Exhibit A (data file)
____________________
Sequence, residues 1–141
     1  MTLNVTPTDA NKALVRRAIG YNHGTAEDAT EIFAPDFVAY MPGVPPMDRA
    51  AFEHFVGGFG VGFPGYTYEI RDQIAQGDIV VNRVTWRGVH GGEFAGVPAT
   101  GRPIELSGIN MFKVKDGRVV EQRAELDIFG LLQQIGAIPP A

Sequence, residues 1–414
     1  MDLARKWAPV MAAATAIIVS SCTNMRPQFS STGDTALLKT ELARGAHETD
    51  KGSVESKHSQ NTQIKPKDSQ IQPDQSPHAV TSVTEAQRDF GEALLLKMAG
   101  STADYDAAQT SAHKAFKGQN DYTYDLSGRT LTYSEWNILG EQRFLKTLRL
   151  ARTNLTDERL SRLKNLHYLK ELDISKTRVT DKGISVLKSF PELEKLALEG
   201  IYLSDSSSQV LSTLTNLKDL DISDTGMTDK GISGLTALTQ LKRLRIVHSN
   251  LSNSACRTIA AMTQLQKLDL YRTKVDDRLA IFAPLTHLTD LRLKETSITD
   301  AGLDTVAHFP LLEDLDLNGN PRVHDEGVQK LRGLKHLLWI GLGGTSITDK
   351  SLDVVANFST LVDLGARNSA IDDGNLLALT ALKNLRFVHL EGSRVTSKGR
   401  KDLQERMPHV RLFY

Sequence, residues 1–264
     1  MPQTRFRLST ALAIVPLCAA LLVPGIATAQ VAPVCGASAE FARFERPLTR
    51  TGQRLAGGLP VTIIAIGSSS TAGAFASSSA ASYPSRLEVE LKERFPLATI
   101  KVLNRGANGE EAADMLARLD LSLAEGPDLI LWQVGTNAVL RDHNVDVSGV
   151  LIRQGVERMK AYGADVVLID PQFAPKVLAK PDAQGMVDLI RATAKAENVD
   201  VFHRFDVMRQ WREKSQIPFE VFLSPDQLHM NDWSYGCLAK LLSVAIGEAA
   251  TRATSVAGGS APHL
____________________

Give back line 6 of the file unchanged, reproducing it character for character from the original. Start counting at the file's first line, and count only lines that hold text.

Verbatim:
     1  MDLARKWAPV MAAATAIIVS SCTNMRPQFS STGDTALLKT ELARGAHETD